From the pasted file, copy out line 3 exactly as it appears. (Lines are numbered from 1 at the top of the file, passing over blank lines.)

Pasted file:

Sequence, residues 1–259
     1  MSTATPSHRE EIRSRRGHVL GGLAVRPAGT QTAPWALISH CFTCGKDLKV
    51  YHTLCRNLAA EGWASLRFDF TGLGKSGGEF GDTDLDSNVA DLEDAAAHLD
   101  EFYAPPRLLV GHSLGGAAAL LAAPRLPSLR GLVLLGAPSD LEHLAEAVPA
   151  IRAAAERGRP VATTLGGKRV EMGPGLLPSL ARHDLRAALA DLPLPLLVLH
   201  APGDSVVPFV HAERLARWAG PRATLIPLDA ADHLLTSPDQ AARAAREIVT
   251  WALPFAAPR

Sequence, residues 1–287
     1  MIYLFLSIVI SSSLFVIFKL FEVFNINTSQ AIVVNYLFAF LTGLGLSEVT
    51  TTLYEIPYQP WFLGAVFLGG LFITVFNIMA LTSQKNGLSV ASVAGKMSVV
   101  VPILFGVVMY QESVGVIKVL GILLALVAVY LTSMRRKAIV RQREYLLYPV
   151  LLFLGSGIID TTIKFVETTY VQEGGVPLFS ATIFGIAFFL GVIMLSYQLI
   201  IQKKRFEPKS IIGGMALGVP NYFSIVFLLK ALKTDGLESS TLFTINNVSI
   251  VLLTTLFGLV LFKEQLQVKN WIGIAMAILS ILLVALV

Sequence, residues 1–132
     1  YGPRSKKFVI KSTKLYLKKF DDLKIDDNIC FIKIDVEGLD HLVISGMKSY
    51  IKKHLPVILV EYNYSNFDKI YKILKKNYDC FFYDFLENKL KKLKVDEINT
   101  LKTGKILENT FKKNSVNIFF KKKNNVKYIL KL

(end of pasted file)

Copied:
    51  YHTLCRNLAA EGWASLRFDF TGLGKSGGEF GDTDLDSNVA DLEDAAAHLD